WASHINGTON (KNWA/KFTA) — On April 12, Richard Barnett, 61, of Gravette, turned down the government’s offer of a plea deal in the case stemming from his alleged participation in the January 6, 2021 insurrection at the U.S. Capitol.

In a virtual pre-trial hearing that lasted just five minutes, prosecutor Mary Dohrmann informed the court that the government had presented a plea agreement offer in which Barnett would plead guilty to one charge, with the others being dismissed.

Defense attorney Joseph McBride stated that the defense could not accept the offer “in good conscience.” McBride cited Barnett’s advanced age and the sentencing guideline of 70-87 months for the charge in question as factors in the defendant’s decision to reject the offer.

“He wasn’t violent that day by any stretch of the imagination,” the defense counsel added. Judge Chris Cooper quickly acknowledged the rejection, noting that the court itself has no role when such an offer is made.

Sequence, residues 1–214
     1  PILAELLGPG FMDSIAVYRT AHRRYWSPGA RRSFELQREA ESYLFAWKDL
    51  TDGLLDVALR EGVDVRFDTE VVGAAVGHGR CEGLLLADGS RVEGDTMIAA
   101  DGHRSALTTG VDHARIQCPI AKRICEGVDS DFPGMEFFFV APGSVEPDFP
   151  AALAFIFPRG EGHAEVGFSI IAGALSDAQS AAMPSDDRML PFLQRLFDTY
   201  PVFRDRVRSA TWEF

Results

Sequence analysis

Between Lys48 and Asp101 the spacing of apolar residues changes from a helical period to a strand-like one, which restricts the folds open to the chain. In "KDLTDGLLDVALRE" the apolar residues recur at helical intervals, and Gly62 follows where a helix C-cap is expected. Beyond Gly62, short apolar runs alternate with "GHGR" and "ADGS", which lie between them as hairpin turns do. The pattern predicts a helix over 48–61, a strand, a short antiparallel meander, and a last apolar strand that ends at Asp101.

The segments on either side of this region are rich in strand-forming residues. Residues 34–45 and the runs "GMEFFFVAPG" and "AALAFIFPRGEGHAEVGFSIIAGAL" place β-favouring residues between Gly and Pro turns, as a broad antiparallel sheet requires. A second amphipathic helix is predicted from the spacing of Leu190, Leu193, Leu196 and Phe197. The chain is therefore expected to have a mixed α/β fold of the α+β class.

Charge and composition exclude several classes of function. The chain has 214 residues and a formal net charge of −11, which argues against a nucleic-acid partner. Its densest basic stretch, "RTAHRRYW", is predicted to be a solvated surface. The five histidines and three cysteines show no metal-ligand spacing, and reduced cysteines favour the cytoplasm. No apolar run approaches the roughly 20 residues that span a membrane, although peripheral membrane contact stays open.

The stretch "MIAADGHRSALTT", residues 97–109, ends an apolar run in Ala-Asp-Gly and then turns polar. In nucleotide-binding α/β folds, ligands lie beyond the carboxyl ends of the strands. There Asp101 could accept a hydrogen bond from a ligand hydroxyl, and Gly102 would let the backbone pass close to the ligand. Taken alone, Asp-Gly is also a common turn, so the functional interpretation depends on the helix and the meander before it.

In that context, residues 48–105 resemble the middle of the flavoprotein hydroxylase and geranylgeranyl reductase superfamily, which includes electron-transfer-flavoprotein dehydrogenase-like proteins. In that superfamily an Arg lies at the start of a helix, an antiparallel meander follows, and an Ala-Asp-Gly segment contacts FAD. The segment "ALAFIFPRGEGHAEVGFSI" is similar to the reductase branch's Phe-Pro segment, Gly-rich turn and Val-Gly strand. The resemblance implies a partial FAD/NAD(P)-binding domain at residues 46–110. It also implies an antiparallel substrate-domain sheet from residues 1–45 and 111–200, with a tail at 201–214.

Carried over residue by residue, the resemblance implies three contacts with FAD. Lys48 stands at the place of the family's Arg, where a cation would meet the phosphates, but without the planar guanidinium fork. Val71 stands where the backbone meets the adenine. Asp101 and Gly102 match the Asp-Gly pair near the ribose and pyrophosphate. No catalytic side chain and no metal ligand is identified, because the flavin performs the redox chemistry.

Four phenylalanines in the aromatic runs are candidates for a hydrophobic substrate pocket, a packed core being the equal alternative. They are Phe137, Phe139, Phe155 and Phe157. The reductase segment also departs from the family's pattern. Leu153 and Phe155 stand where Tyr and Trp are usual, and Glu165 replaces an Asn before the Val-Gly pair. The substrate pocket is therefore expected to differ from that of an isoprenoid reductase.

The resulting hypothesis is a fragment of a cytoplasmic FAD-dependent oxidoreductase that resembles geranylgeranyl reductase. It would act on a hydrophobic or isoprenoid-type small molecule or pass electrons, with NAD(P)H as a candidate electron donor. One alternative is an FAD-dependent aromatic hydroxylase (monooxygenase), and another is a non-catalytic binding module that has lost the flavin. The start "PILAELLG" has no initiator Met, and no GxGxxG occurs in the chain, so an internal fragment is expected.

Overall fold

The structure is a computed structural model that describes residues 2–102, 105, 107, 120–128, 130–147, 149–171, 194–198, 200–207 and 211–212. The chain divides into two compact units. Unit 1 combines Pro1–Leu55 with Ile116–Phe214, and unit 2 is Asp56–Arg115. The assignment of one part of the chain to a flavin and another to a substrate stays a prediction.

“It takes two to tango,” he added, referring to the prosecution and the defense. He noted that he has been involved in other insurrection cases that have already reached plea agreements.

The call ended with Judge Cooper stating that he would “sit back and wait for any motions” before the next pretrial conference. The defense previously requested an extension to deal with a “voluminous amount” of discovery material.

Barnett is charged with: Obstruction of an Official Proceeding; Aiding and Abetting; Entering and Remaining in a Restricted Building or Grounds with a Deadly or Dangerous Weapon; Disorderly and Disruptive Conduct in a Restricted Building or Grounds with a Deadly or Dangerous Weapon; Entering and Remaining in Certain Rooms in the Capitol Building; Disorderly Conduct in a Capitol Building; Parading, Demonstrating, or Picketing in a Capitol Building; Theft of Government Property.

He has pleaded not guilty to all charges, and his trial is scheduled to begin on September 6.